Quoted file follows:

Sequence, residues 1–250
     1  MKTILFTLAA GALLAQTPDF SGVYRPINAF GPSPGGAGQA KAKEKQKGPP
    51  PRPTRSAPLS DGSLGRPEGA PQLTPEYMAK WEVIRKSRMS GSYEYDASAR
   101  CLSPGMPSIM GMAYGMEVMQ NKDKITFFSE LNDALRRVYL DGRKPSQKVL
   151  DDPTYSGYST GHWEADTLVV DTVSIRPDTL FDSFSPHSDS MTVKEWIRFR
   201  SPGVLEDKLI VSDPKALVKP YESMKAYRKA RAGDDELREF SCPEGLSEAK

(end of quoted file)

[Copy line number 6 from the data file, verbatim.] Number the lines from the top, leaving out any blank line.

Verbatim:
   201  SPGVLEDKLI VSDPKALVKP YESMKAYRKA RAGDDELREF SCPEGLSEAK